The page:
I have to recreate this feeling because the setting no longer exists. It died many years ago! As much as I want it back, I’ll never have it. Therefore, I’ve begun writing stories, stories of nostalgia to regain that love I felt years ago.
My draft of Chocolate for Lilly will be queried out to a few more people. She’s a precious one and I’d like to write more of those. Historical fiction is a challenge, yet I spent many a day with old timers. They are some fun folks. Really. Believe me. Maybe I’ll get a ‘lucky strike’ on that story.
“I’m coming. Coming.” But when I get to the door no one is there. Figures. Geez, who got me out a bed so early on my day off? The sun is blinding and the flag is swaying gently. What a day!
I look on the brick-paved covered front porch and a bird goes into the birdhouse I painted and set out there just for them. Sweet. Nice. Then I look down and see a box of chocolates.
This day is getting better by the minute. No one is there. Who would have left these? Is it my birthday, Mother’s Day, or graduation? I like to think I have an admirer, so let’s leave it at that. I can’t wait for later tonight. Maybe I’ll get lucky.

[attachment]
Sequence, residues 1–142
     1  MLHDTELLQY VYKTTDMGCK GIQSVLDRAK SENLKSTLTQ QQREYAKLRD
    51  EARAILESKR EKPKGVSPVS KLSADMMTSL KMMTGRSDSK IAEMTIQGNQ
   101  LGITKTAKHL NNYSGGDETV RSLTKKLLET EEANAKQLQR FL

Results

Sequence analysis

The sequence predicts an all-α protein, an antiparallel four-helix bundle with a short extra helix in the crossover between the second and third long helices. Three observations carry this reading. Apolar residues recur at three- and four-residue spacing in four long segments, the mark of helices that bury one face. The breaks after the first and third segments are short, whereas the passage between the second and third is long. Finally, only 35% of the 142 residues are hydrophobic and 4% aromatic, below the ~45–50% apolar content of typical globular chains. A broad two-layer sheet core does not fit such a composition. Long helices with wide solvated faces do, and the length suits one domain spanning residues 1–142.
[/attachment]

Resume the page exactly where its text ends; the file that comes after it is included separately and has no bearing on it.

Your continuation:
By Caroline Clemens
Thinkstock Image Credit
Thanks for stopping by my blog today. Hope you enjoyed my story. I’ll post it on Chuck Wendig’s comments. Thanks Chuck. He’s the prompter, the motivator!
PS. My blog has gone off to dream in blog heaven for awhile this summer. Be back later.
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I remember it all so well …
Short Scary Story
My grandma sent me to the basement to retrieve the three missing costumes. She was cleaning up after her annual Halloween party and I’d been dropped off to help her out.
After I gave her tea and toast in bed for her headache, she told me to check the back room in the basement for the missing items.
“Okay, no problem grandma. Anything else?” I questioned.
“Yes, there is. Turn on my CD player and put on that wonderful opera singer. You can turn it up loud, too! Thanks, honey,” she replied.
I did as complied. It seemed as I left the room the sun was setting; I waved goodbye, not sure why. She smiled and began her quirky hand movements flowing with the music.